First up: Shrewsbury, probably the most Shakespearean-ly famous of the sites we’ll be visiting in this area, thanks to the climactic battle in 1 Henry IV, where King Henry, his sons, and his allies overcome the forces of Harry “Hotspur” Percy.

ARCHBISHOP SCROOP
To-morrow, good Sir Michael, is a day
Wherein the fortune of ten thousand men
Must bide the touch; for, sir, at Shrewsbury,
As I am truly given to understand,
The king with mighty and quick-raised power
Meets with Lord Harry: and, I fear, Sir Michael,
What with the sickness of Northumberland,
Whose power was in the first proportion,
And what with Owen Glendower’s absence thence,
Who with them was a rated sinew too
And comes not in, o’er-ruled by prophecies,
I fear the power of Percy is too weak
To wage an instant trial with the king.

Battle_of_Shrewsbury_1403_01981Shakespeare stays reasonably close to the historical story: Henry IV was actually on his way north, ostensibly to support the Percys against the Scots, when he learned of their treachery. Henry swiftly changed directly and managed to reach Shrewsbury before the Percys could capture the town. Owain Glyndwr’s forces did not arrive in time to bolster Percy’s forces, allowing the king to cross the River Severn, cutting off Percy’s line of retreat. (At right, a 1781 imaginative illustration of the Battle from Thomas Pennant’s ‘A tour in Wales’)

Percy did have aid from his uncle Worcester, including some excellent Chesire bowmen who, according to one chronicle, made the king’s men fall “like leaves in autumn”. One arrow struck Henry, Prince of Wales — Shakespeare’s Prince Hal — in the face. He recovered, but was permanently scarred.

As in Shakespeare, Walter Blount was killed by the Earl of Douglas. Hotspur was killed not by Prince Hal in single combat, however, but during the charge, apparently due to an open visor. As Shakespeare depicts at the start of 2 Henry IV, there was some initial confusion about whether Hotspur or Henry IV had died. Had it not been for Hotspur’s death, the rebel forces might have won, as the king’s forces sustained much heavier losses.

The 1403 battle isn’t Shrewsbury’s only claim to frame, however. The town has ancient roots, serving as a capital for pre-Roman Britons and as the outpost of Viroconium for the Roman legions. Anglo-Saxons took over the area and built fortified earthworks in the 9th century; the Welsh tried to take it back in 1069, but were repelled by William the Conqueror. Shrewsbury came to further prominence during the late middle ages thanks to the flourishing wool trade. Today, the town retains its largely unaltered medieval street plan and boasts over 660 historical buildings, including several examples of timber framing from the Tudor era.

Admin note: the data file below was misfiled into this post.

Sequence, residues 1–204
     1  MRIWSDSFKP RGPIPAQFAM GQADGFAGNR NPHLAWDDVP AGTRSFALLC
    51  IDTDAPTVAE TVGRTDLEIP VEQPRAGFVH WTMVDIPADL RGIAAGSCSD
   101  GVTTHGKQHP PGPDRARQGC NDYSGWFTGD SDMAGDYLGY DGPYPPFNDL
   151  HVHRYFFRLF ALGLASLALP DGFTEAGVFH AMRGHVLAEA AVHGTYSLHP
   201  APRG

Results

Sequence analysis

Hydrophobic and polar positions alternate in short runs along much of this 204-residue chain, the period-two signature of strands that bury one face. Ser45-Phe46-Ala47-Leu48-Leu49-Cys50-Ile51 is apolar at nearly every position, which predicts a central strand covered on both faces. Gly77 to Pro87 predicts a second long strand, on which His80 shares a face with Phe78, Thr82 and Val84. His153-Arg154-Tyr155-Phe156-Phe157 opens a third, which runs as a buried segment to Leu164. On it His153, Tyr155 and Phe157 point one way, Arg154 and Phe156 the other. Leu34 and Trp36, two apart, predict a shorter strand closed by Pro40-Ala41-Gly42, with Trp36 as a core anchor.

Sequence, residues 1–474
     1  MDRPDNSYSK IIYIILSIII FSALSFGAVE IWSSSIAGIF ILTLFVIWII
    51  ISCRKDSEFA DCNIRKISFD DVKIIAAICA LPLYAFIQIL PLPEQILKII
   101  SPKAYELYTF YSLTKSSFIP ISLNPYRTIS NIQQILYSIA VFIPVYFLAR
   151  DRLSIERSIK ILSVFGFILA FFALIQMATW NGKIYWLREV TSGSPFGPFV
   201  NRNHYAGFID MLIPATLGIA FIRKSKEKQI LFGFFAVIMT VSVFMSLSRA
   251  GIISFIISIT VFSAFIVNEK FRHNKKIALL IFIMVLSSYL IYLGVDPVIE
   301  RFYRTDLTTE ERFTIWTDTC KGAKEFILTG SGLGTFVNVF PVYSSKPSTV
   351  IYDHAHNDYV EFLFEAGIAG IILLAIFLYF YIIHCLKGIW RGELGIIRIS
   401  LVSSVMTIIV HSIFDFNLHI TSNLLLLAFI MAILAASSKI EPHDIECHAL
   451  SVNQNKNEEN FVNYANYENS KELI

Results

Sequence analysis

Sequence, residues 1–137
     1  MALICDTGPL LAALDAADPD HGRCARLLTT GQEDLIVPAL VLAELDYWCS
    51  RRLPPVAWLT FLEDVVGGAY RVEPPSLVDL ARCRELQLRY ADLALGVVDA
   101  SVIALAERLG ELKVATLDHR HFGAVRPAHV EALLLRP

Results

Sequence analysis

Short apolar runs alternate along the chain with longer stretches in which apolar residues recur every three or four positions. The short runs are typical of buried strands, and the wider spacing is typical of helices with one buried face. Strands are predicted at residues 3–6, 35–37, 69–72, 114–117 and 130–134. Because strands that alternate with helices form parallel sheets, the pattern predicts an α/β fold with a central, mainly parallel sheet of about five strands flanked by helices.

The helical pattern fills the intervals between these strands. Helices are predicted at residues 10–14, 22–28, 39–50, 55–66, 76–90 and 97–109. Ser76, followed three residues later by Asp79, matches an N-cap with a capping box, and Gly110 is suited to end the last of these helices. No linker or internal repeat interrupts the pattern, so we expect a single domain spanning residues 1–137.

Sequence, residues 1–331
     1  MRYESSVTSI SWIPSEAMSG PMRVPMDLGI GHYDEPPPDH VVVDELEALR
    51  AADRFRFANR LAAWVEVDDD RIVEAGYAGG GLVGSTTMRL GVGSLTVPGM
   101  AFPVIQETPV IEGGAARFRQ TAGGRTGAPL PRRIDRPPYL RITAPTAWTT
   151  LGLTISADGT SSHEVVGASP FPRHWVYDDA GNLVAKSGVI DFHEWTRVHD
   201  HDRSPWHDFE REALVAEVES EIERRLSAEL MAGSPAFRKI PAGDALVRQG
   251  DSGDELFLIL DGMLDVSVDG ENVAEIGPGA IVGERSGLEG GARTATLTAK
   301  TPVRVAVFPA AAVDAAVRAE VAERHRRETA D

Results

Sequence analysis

Powis CastleAerial North Castles Historic Sites

From there, we’ll cross the border into Wales itself, to Powis Castle (above), seat of a dynasty of Welsh Princes. It takes its name from the ancient Kingdom of Powys, a territory covering much of current Wales and Shropshire. (We can blame the English for turning that y to an i in the name). Owain Glyndwr, Shakespeare’s Own Glendower, was descended from these princes, and it was on that basis that he rebelled against King Henry IV at the turn of the 15th century.

Glyndwr proclaimed himself Prince of Wales and began his revolt in 1400, taking territory and castles throughout Wales. In 1405, he signed the Tripartite Indenture with Edmund Mortimer and Henry Percy (Hotspur’s father), an event which Shakespeare places before the Battle of Shrewsbury. Despite this alliance and help from the French, however, the rebellion foundered after 1406.